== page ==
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Congratulations, my friends. If you started with me back in August of last year, then you have completed The Year Long Celebration of God!
For 365 days we learned to better know, understand, and love God by becoming better disciples of His and helping the other Christians in our lives do the same.
And now the Lord is giving us another chance to do it all over again . . . but — hopefully — we’ll do it better this time.
Now, some of you may be thinking that The Celebration of God was a once-and-done experience. But it’s not, and I’m going to explain why momentarily.
But before we get too much farther into today’s episode, I want to remind you that if you have been enjoying The Celebration of God, then don’t forget that it was created as a resource for Christian parents.
And if you’re a Christian parent, you should totally check out Truth.Love.Parent. for even more practical, biblically relevant parenting guidance.
And don’t forget that The Celebration of God has free episode notes and transcripts in addition to lots of holiday resources and daily training.
And — with that — whether you’re new to this podcast or you’re a regular subscriber, I want to give us a biblical pep-talk for the upcoming Year Long Celebration of God.
As a biblical counselor, preacher, and educator, one of the things I’ve realized is that human nature doesn’t like unnecessary repetition. However, they also don’t now which repetition is necessary and which isn’t.
As an English teacher for seven years in a Christian school, you would think that children who learn about nouns and verbs every year would become more and more proficient at nouns and verbs from year to year.
But . . . generally speaking, they don’t.
The main reason is that when it comes time to talk about nouns and verbs . . . again . . . the student tells herself that she already learned about nouns and verbs last year (and every year before), and she tunes out, only to find that she’s forgotten more than she remembers and struggles in all of the same areas from year to year.
As I would review some of the basics with my classes at the beginning of the year, it amazed me how many high school juniors who had been drilled in the parts of speech since they were in lower elementary still couldn’t remember the difference between adjectives and adverbs.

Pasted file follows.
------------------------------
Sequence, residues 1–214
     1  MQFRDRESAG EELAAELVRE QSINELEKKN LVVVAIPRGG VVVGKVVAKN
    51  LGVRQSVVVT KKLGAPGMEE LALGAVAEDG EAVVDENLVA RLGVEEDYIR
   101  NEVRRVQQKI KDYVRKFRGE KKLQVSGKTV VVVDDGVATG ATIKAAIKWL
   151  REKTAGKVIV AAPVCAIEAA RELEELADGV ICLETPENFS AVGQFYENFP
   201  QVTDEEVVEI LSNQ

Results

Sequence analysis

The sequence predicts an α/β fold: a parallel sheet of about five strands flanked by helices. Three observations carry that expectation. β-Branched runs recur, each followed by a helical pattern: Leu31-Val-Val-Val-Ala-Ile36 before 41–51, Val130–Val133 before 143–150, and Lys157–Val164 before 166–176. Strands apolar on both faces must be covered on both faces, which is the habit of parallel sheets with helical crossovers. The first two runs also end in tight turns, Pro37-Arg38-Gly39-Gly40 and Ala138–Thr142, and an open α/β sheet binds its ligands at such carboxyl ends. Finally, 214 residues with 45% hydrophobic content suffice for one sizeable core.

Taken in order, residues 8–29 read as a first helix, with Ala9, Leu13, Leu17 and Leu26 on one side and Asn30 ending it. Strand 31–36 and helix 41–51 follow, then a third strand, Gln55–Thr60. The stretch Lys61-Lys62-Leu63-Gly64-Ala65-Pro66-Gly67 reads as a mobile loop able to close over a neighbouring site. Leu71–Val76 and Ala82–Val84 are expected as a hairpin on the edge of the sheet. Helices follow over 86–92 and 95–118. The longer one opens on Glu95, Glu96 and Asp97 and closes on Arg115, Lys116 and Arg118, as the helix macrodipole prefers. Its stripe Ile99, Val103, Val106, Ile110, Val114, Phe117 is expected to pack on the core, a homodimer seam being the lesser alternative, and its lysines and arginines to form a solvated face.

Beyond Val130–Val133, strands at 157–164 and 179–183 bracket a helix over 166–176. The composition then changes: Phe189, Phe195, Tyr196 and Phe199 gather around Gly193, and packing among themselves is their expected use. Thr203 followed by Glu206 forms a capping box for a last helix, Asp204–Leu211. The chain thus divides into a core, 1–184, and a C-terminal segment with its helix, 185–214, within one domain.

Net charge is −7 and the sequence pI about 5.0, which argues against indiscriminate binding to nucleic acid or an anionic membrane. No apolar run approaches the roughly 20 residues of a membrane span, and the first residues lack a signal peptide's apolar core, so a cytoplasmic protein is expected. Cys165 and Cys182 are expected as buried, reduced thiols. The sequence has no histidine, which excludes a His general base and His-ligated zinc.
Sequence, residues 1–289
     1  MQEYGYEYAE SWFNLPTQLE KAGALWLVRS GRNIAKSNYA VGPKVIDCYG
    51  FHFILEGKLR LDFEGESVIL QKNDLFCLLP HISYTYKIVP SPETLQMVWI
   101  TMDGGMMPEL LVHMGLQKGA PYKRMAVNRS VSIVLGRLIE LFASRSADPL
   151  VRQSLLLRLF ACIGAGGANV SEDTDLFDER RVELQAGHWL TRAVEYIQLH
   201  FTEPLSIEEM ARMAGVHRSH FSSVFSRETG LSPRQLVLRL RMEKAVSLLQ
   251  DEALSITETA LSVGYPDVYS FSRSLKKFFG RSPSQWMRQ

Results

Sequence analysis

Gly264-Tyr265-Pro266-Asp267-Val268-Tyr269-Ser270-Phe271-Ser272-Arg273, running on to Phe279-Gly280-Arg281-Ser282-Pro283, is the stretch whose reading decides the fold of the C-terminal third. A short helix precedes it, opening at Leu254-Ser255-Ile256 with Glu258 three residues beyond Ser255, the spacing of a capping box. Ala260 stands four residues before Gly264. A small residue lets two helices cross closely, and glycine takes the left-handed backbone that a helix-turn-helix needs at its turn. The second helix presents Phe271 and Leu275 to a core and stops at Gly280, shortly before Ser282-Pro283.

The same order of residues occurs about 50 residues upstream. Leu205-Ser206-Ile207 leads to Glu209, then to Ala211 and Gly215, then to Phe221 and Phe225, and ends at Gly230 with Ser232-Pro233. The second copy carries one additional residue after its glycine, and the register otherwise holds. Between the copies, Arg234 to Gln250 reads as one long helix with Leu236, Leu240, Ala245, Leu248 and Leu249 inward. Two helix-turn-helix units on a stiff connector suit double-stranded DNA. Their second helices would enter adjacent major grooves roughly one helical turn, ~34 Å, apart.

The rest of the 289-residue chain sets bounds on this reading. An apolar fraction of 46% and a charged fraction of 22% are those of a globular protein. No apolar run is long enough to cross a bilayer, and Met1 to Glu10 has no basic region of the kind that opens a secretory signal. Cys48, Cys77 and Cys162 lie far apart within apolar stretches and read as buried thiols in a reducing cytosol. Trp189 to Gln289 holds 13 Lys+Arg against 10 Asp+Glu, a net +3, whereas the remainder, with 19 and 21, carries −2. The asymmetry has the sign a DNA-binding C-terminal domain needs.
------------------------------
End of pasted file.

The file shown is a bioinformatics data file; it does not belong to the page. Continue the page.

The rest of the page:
We humans have convinced ourselves that we don’t need to hear again what we’ve heard before even though our daily experience should convince us that we clearly haven’t learned the lesson yet.
And this is where I want to take a little bit of time to discuss the doctrine of repetition and reminders.
In John 16:4 Jesus is preparing His disciples for the fact that He soon will be going away to the Father, and He says, “But I have said these things to you, that when their hour comes you may remember that I told them to you.”
Disciples of Christ need to be reminded so that we’ll be ready to obey when the time comes. When the hour of temptation arrives via aggressive attacks, annoying discomfort, or subtle enticement, if we don’t remember what we’ve been taught, we’ll fall to the temptation.
In addition, few people learn anything perfectly the first time, and those with photographic memories may be able to perfectly remember the facts, but God calls us to far more than merely remembering facts. It’s how we use those facts that is the real goal of our learning.
My friends, God loves repetition, He understands the value of reminders, and so should we.
So what kinds of things does God want echoing through our lives?
1. God wants His Word to be repeated in our lives.
Consider Deuteronomy 6:4-9, “Hear, O Israel! The Lord is our God, the Lord is one! 5 You shall love the Lord your God with all your heart and with all your soul and with all your might. 6 These words, which I am commanding you today, shall be on your heart. 7 You shall teach them diligently to your sons and shall talk of them when you sit in your house and when you walk by the way and when you lie down and when you rise up. 8 You shall bind them as a sign on your hand and they shall be as frontals on your forehead. 9 You shall write them on the doorposts of your house and on your gates.”
Just because we’ve read through the Scriptures once doesn’t mean we don’t need to read it through again. At the time of this recording I’m 41 and a half years old. I’ve read through the entire Bible many times. In college I even memorized the chapter content of the entire 66 books of the Bible. I’ve studied and taught and preached and counseled whole books of the Bible for years and years, but is that enough?
And the answer is . . . definitely not!
I — as a disciple of Christ — cannot afford to cease the repetition of truth, and The Celebration of God will be a necessary part of this process as we work through God’s Word.